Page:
by Susan Eustis
A December 2010 article describing a telehealth remote monitoring for heart failure patients concluded that telemonitoring did not improve patient outcomes. The paper was written by Sarwat I. Chaudhry, M.D, and nine other authors. It looked at telemonitoring in patients with heart failure. The paper analyzed 1,653 CHF patients, 826 of whom participated in a remote health intervention: This is I believe an aarticle that is a travesty for the entire healthcare delivery industry. The study was deeply flawed, not looking at modern technology, instead using technology that is known to fail. Following is a quote from the new WinterGreen Research market study on telemedicine. The logic is accurate and indicates the need for a retraction of the article and attention to more modern research. The paper seems to carry the prejudice of physicians that wish they could treat only those whom they see in person. This attitude is outdated and not appropriate for patients with chronic disease conditions.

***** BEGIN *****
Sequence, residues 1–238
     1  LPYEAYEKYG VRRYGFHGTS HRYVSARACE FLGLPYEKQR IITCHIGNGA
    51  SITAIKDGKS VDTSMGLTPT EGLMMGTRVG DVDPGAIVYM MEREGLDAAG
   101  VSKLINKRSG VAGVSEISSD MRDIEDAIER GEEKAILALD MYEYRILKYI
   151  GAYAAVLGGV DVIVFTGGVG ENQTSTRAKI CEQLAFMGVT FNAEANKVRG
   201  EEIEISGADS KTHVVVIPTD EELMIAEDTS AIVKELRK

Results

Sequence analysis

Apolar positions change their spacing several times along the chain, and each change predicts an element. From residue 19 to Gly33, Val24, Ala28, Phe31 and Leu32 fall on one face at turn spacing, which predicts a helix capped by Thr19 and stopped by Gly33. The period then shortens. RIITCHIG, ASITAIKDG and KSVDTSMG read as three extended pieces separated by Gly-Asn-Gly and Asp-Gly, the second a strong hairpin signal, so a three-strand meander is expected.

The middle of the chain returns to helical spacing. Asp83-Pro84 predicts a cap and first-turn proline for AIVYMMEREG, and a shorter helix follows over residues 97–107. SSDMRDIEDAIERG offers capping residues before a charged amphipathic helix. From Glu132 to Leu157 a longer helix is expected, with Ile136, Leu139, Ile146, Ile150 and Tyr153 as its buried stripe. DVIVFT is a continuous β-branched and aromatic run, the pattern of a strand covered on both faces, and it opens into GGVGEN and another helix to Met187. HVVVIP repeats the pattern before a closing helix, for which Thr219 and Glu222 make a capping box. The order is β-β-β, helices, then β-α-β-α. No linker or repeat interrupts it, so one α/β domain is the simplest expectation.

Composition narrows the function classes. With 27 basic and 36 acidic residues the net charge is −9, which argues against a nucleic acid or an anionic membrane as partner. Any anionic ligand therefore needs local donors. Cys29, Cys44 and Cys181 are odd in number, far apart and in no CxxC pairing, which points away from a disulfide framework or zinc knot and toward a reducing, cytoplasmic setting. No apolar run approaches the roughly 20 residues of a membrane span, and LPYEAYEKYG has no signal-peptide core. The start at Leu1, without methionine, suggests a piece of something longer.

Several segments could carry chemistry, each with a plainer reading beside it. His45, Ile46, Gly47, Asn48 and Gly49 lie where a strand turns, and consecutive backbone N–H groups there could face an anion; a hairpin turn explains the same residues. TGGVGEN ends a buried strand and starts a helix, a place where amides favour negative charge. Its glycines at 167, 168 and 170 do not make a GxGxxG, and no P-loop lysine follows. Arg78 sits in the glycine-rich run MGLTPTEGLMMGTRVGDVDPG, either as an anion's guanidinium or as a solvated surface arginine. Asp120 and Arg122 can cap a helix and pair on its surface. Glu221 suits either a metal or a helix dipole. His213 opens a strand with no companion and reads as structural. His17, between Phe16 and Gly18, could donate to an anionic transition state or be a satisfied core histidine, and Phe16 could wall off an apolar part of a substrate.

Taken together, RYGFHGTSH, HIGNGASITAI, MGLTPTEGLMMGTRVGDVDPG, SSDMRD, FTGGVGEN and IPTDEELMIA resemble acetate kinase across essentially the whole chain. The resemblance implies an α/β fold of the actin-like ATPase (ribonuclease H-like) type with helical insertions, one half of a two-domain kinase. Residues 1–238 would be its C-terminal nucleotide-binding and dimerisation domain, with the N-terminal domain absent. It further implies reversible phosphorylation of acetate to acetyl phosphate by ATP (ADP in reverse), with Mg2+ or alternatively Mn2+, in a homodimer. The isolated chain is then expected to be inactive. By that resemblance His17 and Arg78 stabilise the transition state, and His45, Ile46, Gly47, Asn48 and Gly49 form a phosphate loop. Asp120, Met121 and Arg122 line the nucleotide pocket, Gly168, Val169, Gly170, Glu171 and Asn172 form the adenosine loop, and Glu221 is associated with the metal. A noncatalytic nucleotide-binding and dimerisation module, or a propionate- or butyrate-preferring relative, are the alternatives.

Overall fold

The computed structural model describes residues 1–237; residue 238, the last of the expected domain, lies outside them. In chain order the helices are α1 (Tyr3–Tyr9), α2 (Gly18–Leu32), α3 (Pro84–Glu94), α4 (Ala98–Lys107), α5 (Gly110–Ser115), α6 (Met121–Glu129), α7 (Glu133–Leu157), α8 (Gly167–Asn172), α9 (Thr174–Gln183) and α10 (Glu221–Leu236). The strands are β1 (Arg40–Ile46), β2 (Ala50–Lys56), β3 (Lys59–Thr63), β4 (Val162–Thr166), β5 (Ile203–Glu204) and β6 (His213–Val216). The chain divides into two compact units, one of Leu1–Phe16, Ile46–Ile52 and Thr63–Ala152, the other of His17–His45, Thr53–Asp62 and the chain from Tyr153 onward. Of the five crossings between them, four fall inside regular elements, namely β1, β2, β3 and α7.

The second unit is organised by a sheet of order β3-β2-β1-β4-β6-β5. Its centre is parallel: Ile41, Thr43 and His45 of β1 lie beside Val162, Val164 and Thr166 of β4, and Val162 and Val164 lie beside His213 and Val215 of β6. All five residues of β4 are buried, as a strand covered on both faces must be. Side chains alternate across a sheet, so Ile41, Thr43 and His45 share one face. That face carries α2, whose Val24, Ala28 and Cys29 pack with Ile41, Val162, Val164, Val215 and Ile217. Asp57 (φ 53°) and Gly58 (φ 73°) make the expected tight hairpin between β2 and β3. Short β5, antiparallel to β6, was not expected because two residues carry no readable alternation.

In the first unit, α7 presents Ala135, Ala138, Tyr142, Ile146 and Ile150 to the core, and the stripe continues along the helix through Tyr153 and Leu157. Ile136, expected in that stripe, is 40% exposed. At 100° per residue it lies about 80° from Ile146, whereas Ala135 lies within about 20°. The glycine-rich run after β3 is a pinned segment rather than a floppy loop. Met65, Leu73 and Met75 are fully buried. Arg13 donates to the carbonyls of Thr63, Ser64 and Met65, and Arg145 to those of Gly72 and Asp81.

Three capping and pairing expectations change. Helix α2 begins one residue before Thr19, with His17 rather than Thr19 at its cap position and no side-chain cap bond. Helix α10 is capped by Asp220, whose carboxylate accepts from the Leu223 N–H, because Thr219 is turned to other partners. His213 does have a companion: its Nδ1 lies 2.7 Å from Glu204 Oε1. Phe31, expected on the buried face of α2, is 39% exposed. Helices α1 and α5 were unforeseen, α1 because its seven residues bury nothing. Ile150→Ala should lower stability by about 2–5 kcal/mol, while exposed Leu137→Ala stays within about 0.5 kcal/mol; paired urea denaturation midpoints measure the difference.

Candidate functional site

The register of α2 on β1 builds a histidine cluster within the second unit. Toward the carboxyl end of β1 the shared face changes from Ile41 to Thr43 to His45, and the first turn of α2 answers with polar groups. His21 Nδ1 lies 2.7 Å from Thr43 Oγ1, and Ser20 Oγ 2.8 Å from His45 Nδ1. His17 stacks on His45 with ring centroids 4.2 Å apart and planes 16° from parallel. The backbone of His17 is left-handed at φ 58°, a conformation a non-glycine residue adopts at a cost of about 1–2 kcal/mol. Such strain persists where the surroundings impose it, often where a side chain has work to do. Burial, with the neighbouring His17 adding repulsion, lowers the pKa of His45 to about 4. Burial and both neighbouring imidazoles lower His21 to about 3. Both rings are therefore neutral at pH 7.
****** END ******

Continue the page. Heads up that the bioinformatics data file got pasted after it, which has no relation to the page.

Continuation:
Chronic disease conditions are best treated early on when there is a change in patient condition and an early intervention can make a difference. It is even better to treat them in a wellness treatment environment before there are indications of chronic disease, before symptoms develop, by addressing lifestyle issues early on.
Left to their own judgments, some patients typically are apt to make terrible decisions relating to their personal health either because of ignorance, genetic inheritance, or because of lifestyle habit. The ability to accurately access patient condition via a combination of advanced testing and telemonitoring creates the opportunity to intervene when what is called for clinically can make a difference, and to provide education regarding healthy living in a way that is likely to create compliance with clinician recommendations.